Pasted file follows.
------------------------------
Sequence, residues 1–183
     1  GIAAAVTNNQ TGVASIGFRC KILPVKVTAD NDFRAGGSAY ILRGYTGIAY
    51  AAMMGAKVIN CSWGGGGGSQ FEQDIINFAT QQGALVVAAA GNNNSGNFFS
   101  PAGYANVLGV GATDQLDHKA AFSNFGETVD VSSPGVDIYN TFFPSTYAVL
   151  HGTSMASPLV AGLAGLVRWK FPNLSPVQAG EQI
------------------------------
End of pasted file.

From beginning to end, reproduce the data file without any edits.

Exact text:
Sequence, residues 1–183
     1  GIAAAVTNNQ TGVASIGFRC KILPVKVTAD NDFRAGGSAY ILRGYTGIAY
    51  AAMMGAKVIN CSWGGGGGSQ FEQDIINFAT QQGALVVAAA GNNNSGNFFS
   101  PAGYANVLGV GATDQLDHKA AFSNFGETVD VSSPGVDIYN TFFPSTYAVL
   151  HGTSMASPLV AGLAGLVRWK FPNLSPVQAG EQI